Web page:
Optimize Your Chess Training

Question and Improve Your Chess

I KEEP six honest serving-men
(They taught me all I knew);
Their names are What and Why and When
And How and Where and Who.
I send them over land and sea,
I send them east and west;
But after they have worked for me,
I give them all a rest.

-Rudyard Kipling

Optimizing isn’t about find the “best” training method – as a best method probably doesn’t exist. Instead, it is about constant improvement – both adding what is useful and stripping away what is outdated or less relevant.

To do this, it is essential to regularly and systematically question what we are doing, how we are doing it, and why.


Choosing what to study is essential to a successful training program. In general, as you get stronger, your study materials will have to be more specific to your needs. For beginners, study materials need to be broad and more general as there is a lot to learn. Here are a couple questions to ask yourself:

  • Are you studying games and positions that occur in your opening repertoire?
  • Are you studying concepts that target areas of need – e.g. your weaknesses?
  • Are you studying at a level that is appropriate for you – not too hard and not too easy?

When and Where

When and where you study is also important. Despite anecdotes of Botvinnik training with someone puffing cigerette smoke in his face, for the most part studying in a comfortable environment is recommended. Similarly studying when you are alert is better than when you are groggy or distracted. Consider the following:

  • Do you have a specific place in your home where you study?
  • If you study on your computer, do you shut off programs like Twitter and Facebook?
  • Do you study at a time when you are relatively free from distractions – e.g. when children are asleep?


The attitude and focus you bring to your training and study is also important. The more you are focused during your training sessions, the more you will absorb and remember. Also, studying actively – where you are asking yourself questions and trying to make connections with your previous knowledge – will help you apply what you learn to your games. Finally, going into a session with clear goals and objectives will help you measure the effectiveness of your training sessions. Ask yourself the following:

  • Do I know what I want to achieve in my upcoming training session?
  • Am I focused? Is my mind on other things other than my study material?
  • Am I positive about my progress and training?
  • Am I making connections between what I am learning now and the structures and concepts I have learned in the past?


Besides your own efforts, who you play and converse with about chess has an effect on your progress. Playing on average slightly stronger players seems to yield the best results. If you play players you can never beat, you will be discouraged and be unable to practice the technique of winning a won game. If you play predominantly weaker players, you will not be punished for your mistakes – and therefore not learn from them. I wrote a more detailed article about who to play on betterchesstraining.com.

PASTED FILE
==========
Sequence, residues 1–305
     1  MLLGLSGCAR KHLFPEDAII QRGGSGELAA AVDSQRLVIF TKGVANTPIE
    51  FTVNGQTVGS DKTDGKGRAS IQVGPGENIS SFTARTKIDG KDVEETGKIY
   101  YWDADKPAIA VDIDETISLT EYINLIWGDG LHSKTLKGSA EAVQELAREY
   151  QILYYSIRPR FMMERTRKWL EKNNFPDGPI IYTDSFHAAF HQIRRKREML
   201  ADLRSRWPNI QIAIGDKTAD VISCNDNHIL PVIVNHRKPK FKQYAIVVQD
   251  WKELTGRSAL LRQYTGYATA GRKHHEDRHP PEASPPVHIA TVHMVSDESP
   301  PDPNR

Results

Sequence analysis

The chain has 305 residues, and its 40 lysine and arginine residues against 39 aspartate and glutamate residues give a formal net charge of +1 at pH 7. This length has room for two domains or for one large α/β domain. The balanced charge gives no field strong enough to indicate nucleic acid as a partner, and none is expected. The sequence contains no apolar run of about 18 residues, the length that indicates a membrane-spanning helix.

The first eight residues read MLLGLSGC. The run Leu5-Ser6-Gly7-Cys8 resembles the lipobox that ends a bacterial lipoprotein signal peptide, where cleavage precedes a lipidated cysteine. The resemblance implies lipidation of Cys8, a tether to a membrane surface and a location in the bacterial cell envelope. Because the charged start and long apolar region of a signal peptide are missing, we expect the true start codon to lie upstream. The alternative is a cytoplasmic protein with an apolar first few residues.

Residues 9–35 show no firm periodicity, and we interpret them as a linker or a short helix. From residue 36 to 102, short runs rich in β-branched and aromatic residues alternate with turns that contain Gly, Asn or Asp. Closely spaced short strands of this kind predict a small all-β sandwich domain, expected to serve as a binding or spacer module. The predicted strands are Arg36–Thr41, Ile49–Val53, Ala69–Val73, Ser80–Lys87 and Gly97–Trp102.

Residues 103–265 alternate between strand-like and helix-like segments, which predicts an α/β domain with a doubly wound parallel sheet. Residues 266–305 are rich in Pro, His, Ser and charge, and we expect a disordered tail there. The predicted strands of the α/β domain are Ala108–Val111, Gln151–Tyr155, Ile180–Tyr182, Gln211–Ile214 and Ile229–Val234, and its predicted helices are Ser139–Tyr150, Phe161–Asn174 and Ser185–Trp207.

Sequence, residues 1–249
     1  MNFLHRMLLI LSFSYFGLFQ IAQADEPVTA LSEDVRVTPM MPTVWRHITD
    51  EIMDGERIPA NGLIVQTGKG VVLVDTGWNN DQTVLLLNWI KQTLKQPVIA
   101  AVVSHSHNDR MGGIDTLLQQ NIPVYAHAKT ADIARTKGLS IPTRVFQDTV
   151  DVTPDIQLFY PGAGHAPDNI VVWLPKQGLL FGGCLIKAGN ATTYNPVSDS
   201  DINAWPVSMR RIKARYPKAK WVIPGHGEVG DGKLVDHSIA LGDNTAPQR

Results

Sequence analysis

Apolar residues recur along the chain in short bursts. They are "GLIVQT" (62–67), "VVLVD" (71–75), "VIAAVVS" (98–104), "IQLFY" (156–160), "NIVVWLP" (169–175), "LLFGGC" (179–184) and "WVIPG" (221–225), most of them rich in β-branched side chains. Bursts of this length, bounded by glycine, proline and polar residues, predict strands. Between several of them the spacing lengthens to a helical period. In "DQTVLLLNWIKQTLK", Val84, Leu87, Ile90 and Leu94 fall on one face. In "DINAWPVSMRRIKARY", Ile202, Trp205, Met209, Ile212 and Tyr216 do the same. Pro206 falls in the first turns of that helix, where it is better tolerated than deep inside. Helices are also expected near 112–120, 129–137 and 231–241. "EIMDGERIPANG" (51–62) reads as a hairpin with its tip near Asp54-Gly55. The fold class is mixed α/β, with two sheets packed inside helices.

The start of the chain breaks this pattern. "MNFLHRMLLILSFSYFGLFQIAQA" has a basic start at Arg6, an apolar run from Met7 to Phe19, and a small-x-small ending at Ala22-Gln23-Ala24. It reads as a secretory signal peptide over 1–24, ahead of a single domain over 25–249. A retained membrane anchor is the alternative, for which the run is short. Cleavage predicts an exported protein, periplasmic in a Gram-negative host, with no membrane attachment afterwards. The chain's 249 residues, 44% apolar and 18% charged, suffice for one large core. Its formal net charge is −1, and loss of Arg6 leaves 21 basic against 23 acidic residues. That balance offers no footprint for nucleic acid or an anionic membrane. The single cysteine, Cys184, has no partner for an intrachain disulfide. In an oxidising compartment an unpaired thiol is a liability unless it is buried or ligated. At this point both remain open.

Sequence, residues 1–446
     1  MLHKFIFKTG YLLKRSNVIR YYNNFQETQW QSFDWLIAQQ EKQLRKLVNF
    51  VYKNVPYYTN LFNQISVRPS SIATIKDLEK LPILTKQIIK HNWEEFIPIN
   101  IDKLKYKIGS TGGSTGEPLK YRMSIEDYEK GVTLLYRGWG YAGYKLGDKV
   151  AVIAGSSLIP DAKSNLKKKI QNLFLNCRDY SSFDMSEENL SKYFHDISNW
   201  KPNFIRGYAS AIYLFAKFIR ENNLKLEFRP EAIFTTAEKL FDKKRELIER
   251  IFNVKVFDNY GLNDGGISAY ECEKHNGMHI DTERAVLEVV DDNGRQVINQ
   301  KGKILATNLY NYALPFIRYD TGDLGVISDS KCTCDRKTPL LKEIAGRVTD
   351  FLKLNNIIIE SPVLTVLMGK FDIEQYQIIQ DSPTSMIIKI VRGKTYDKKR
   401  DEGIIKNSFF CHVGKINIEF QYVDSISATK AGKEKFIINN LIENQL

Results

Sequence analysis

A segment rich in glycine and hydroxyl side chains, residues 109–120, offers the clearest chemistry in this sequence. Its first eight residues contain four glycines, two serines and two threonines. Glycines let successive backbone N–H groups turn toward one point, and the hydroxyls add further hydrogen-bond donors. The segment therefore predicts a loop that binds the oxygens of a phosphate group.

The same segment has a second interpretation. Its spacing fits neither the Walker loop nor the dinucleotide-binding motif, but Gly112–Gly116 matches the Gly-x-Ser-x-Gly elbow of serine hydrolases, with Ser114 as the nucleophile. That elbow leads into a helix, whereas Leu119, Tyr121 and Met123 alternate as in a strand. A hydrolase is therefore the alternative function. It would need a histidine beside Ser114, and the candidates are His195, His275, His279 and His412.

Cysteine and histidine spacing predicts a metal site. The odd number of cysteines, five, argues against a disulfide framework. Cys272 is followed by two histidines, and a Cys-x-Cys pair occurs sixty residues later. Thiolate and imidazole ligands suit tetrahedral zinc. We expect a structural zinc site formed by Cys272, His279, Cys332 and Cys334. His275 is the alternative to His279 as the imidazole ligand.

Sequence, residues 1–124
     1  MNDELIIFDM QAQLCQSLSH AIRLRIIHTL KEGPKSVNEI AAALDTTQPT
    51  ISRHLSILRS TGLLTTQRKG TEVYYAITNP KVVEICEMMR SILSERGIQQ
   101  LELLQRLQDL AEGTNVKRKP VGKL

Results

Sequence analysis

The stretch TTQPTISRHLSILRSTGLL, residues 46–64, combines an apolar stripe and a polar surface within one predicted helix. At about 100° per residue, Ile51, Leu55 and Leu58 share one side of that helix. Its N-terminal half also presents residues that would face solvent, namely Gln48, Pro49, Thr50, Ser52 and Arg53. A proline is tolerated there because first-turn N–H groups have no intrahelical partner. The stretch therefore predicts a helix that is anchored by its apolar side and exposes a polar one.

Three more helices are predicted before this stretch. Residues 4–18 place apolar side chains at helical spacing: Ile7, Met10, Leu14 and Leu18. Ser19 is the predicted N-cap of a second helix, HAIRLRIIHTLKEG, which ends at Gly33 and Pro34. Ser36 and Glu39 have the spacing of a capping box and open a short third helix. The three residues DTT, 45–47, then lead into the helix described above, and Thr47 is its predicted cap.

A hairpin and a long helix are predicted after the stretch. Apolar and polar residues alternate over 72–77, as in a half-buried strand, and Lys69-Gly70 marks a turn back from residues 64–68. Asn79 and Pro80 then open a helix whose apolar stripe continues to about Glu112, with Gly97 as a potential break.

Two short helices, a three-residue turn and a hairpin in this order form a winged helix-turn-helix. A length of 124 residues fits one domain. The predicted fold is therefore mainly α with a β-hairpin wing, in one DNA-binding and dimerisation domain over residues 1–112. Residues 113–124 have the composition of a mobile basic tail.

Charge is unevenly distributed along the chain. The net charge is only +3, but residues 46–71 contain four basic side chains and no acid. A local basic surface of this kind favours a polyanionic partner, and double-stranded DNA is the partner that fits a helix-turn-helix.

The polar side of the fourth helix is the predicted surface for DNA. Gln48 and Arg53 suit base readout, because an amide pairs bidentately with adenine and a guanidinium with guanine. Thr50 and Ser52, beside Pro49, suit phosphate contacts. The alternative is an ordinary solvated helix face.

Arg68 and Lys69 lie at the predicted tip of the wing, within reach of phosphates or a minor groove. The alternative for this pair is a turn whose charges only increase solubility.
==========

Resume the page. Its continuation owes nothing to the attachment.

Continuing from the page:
Besides people you play against, who refers to the mentors and coaches you employ to assist you in your game. Like learning materials such as books and videos, different chess coaches and mentors have different value in terms of their effectiveness. It is not necessarily the quality of the coaching, but also the personality fit that is important. In general, you want someone you get along with, but also someone who can clearly disseminate the material and concepts that you need to improve. Some of the best mentors are not necessarily professional players, but stronger players who can explain concepts well. As you get stronger, you may require more specific assistance in certain areas such as opening preparation or psychology.


Perhaps the most important question you need to ask yourself is “Why?” Why do you play chess? Why do you want to get better? Here are a few implications of this question (as well as a couple more questions):

  • If chess is a recreational release from the stress of everyday life, then playing “fun” openings like various gambits and offbeat openings may be for you.
  • Do you plan on playing in open tournaments over-the-board or mainly online? What implications does this have on the training and openings you choose?
  • Is finding the “truth” of a position important to you? If so, playing mainline openings following the latest theory may be more relevant to you.


Perhaps this article uncovered more questions than it answered. You don’t have to make wholesale changes to the way you study chess. However, using these questions will help you to gradually improve your routine and practices. Question by question, answer by answer, day by day, you will see your progress as you employ the six honest serving-men: What, When, Where, How, Who, and Why.

Bryan Castro


Author: Bryan Castro

Bryan Castro is a businessman and writer from Buffalo, NY. When he's not spending time with his family or working, he can be found playing chess or practicing martial arts. He combines his interests of personal development and chess on his site Better Chess Training (betterchesstraining.com).